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Are The Royals Required To Have Kids? There's No Minimum Heir Requirement

While all eyes were on Prince William's brother and future sister thanks to their impending nuptials, the second in line to the throne stole the spotlight back on Monday with the news that he and his wife, Catherine, the Duchess of Cambridge, had welcomed their third child. This might have American Anglophiles wondering, are the royals required to have kids in order to keep the bloodline going? If so, how many? And does this mean that Prince Harry and Meghan Markle will have to create a few heirs of their own?

Thankfully, it seems that bringing the new little prince into the world appears to have been William and Catherine's choice alone, as well as their decision to have Prince George, age 4, and Princess Charlotte, age 2. That's because even without those kids, there are still plenty of people in line for the throne after them. Queen Elizabeth is the current sovereign, and next in line is her son, Charles, the Prince of Wales, also known as William's dad. Assuming that everything goes according to plan — that is, there are no untimely deaths or abdication of the throne — George would be next in line after his dad's reign, followed by his own firstborn.

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If George doesn't have kids, passes away before William, or renounces his family and goes off to live on an island full of birds like Luke Skywalker, Charlotte is next in line, and then baby number three, whose name is still unknown as of Wednesday. We do know that it's a boy who was born at 8 pounds, 7 ounces, and according to E! Online, he's sleeping well and "behaving himself," as his dad jokingly described to a reporter on Wednesday.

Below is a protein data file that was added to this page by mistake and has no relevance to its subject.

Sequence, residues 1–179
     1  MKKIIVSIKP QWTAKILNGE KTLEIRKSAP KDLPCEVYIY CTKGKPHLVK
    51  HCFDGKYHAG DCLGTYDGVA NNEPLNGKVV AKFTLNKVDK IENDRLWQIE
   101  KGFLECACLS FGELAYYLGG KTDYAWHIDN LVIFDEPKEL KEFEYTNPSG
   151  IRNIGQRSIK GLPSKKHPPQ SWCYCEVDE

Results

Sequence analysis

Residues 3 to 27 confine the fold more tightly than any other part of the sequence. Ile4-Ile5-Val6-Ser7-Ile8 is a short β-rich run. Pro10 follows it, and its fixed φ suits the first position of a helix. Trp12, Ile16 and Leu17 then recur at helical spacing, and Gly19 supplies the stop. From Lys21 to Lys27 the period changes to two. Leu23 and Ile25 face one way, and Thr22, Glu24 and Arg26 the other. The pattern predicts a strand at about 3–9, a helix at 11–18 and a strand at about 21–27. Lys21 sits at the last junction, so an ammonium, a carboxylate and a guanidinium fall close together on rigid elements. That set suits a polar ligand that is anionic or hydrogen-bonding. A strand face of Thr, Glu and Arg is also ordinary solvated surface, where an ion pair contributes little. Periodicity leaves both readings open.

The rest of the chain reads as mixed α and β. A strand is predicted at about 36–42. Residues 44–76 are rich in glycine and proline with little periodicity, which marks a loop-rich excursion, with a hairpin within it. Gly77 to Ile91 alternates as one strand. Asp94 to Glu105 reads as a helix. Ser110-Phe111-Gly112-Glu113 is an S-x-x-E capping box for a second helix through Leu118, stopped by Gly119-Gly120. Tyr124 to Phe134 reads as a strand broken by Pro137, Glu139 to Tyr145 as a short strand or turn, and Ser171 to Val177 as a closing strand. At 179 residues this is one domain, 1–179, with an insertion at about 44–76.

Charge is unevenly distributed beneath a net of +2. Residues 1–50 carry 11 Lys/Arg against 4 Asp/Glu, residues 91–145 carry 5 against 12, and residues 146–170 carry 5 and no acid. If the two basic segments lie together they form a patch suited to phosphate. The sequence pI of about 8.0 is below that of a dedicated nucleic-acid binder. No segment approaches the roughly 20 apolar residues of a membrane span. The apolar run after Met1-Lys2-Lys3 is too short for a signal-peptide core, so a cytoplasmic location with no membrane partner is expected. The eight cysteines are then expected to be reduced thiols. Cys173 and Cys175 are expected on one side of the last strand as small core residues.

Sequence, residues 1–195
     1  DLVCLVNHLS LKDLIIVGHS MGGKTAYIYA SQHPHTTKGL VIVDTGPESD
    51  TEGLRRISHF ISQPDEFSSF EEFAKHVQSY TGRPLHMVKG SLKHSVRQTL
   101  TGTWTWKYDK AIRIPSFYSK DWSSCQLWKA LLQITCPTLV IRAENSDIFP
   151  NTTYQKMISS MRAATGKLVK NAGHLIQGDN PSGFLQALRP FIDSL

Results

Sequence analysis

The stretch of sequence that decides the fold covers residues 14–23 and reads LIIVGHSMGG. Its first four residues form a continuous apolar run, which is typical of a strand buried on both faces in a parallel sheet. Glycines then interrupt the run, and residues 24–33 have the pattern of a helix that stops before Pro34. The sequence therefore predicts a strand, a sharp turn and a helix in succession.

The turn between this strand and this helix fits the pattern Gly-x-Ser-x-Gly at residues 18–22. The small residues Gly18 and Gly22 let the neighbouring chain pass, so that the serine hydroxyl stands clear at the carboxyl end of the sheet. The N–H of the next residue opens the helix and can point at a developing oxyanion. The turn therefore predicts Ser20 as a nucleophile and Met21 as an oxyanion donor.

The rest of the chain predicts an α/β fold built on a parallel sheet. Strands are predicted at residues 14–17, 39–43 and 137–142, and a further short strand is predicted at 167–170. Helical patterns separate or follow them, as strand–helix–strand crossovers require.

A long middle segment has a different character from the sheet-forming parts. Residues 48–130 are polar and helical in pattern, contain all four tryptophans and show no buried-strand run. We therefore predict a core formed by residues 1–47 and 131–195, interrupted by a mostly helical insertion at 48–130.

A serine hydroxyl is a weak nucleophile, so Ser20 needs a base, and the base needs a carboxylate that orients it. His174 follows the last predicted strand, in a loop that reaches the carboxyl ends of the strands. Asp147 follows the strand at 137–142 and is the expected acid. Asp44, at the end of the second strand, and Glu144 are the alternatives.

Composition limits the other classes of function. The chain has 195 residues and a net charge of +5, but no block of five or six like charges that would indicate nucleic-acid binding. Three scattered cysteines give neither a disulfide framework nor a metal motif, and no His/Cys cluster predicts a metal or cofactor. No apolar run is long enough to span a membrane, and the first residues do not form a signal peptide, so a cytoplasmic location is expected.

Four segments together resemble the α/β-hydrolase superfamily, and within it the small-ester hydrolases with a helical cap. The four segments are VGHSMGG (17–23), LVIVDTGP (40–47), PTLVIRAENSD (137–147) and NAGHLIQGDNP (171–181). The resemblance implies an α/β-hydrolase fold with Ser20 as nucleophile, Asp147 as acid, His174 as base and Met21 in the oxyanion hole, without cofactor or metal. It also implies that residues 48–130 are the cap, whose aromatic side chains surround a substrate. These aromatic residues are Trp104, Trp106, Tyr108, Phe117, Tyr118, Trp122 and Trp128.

But even without those three royal tots, there are still a dozen more people waiting in the wings to take over the crown, according to the official website of the British Royal Family. After the little ones comes Prince Harry, as most people would probably expect. He's followed by Charles' little brother, Prince Andrew, the Duke of York. Next comes his eldest daughter, Princess Beatrice, and then her sister, Princess Eugenie. They're those two who wear such strange hats, they stand out even in a country where strange hats are expected.

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After that, the line of succession gets into "who's that?" territory. After the princesses comes Prince Edward, the Earl of Wessex, younger brother to Charles and Andrew. After Edward comes his 10-year-old son James, Viscount Severn, who's Elizabeth's youngest grandchild. And although the rules prioritizing male heirs were changed thanks to the Succession to the Crown Act of 2013, for some reason James still ranks above his older sister, Lady Louise Mountbatten-Windsor.

If all of Elizabeth's sons, and their respective heirs, are unavailable to sit on the throne, it would then go to her daughter Anne, whose title is Princess Royal. After her comes her son, Peter Phillips, who isn't even high-ranking enough to have a title, yet looks almost exactly like his cousin William. After him come his young daughters, Savannah and Isla Phillips, and finally, Peter's younger sister, Zara Tindall. Finally, although she's not listed on the official line of succession, we can assume the crown would go to Mia Grace Tindall, Zara's 4-year-old daughter. With all those kids in the mix, there's bound to be plenty of royal blood for generations to come, and even though younger generations tend to have smaller families, it's safe to say that the British monarchy would probably be scrapped before anyone started considering forced births.

Check out Romper's new video series, Bearing The Motherload, where disagreeing parents from different sides of an issue sit down with a mediator and talk about how to support (and not judge) each other’s parenting perspectives. New episodes air Mondays on Facebook.